Student benefits are transfer payments that are given to students for purposes of full-time study, and require progress in studies, or obtaining academic credits. Student benefits are found in countries where education is free of charge, e.g. Finland and Sweden. Student benefit is paid by the state to all qualifying students, excluding only those with full-time employment and income, and is thus distinct from an individually evaluated scholarship.
Different forms of student benefit are:
- Direct funding for daily living expenses.
- Support for renting an apartment.
- Partially state-funded meals at student cafeterias.
- Securing student loans.
Secondary and tertiary education is free of charge. Monetary support is paid by the government agency KELA. Most student benefits are paid to students in tertiary education, but smaller benefits are available also on the secondary level. Student benefits are independent of parents' income in tertiary education for students over the age of 20 who live alone. In tertiary education, students in Bachelor's and Master's level programmes qualify for student benefits. Only those months spent actively studying are supported; i.e. in summer, benefits cease unless a special summer studying plan is submitted and followed.
For students in tertiary education, the figures are as follows. Direct monetary support for students over the age of 20 who live alone is €303.19 per month for those who have started their studies before autumn 2014 and €336.76 for people starting their education in autumn 2014 or later. Rent support is 80% of rent or maximum €201.60. The state or the universities generally do not provide student accommodation. Dormitories are usually run by foundations and student unions, and cannot accommodate all students. The state secures student loans (from private banks) for up to €400 per month. Student meals are supported by €1.94 per meal and available for example on (privately operated) student cafeterias on campus, thus the effective price is about €2-3.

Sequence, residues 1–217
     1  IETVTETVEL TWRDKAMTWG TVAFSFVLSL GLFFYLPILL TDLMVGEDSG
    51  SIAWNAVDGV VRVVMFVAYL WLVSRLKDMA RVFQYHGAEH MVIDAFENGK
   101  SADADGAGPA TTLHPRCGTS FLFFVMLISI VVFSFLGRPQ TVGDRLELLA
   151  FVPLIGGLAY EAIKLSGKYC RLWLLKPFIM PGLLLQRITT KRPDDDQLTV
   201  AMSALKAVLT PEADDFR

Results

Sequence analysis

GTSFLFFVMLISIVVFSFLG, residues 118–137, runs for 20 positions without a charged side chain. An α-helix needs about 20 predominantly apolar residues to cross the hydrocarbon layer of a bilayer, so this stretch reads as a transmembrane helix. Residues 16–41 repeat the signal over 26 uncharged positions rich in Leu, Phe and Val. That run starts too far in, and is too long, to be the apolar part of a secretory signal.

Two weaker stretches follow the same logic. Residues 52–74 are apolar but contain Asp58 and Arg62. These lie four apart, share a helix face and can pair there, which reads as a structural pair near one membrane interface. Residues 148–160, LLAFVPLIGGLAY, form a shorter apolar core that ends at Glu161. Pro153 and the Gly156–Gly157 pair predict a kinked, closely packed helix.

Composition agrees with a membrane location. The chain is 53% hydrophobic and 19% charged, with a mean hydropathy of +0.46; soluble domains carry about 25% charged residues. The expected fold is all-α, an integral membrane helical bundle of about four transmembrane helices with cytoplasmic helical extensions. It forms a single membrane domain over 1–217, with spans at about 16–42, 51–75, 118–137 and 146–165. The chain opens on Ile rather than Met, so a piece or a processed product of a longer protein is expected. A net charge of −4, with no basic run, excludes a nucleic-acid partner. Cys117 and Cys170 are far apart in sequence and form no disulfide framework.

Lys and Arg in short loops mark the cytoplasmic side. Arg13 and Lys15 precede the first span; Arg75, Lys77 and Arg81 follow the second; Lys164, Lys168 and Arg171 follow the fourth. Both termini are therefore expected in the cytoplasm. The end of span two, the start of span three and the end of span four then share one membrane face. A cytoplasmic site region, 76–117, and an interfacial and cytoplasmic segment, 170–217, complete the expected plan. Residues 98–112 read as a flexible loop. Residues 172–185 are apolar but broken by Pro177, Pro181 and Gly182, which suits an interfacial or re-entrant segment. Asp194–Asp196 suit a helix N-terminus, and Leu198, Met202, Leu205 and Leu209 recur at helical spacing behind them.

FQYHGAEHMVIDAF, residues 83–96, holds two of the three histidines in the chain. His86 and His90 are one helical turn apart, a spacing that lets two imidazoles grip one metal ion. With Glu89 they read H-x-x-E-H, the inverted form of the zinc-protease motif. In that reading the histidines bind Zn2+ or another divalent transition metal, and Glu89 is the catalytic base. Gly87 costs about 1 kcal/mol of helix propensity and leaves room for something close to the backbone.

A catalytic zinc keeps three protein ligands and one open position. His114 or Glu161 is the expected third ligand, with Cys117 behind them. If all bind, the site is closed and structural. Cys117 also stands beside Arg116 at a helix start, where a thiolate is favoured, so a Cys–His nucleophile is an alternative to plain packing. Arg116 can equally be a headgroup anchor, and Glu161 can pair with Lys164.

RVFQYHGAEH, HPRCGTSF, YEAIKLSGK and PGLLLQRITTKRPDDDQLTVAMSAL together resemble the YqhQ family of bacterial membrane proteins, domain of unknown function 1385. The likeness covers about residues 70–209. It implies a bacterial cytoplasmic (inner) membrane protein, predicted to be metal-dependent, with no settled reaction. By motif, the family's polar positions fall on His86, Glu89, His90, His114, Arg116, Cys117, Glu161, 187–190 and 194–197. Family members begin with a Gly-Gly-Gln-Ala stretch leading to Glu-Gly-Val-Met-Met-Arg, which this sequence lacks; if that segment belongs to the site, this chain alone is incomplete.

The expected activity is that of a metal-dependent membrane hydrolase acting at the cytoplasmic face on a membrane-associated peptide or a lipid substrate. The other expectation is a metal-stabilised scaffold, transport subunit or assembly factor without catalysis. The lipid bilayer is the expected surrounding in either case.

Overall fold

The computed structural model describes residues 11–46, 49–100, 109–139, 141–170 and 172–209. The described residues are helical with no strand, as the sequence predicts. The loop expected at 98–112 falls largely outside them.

Persistent failure to progress in studies ultimately leads to the termination of student benefits. Likewise, when evaluated on a yearly basis, income of over €660 per month on supported months and over €1,970 per month on unsupported months reduces the student benefit. Typically, nine months are supported and three summer months are not, which gives a maximum annual income of €11,850.
The benefits were raised in 2008 and 2014: in 2008 the direct support was increased by 15% and the income limits were raised by 30%; in August 2014 the direct support was raised by approx. 1.3% for those already studying and 11% larger for those starting their studies in 2014 accompanied by a 5 month decrease in the period of financial aid and a €100 increase in the student loan security. Despite this, students often find the benefit insufficient, thus working while studying or spending the entire summer at summer jobs is popular. Student loans are less popular than elsewhere.
Student benefits are available to Finnish citizens. They are not available for students entering the country for the sole purpose of studying.
- College tuition in the United States
- Post-secondary education
- Private university
- Student debt
- Student loan
- Student loans in Germany
- Student loans in the United States
- Tuition fees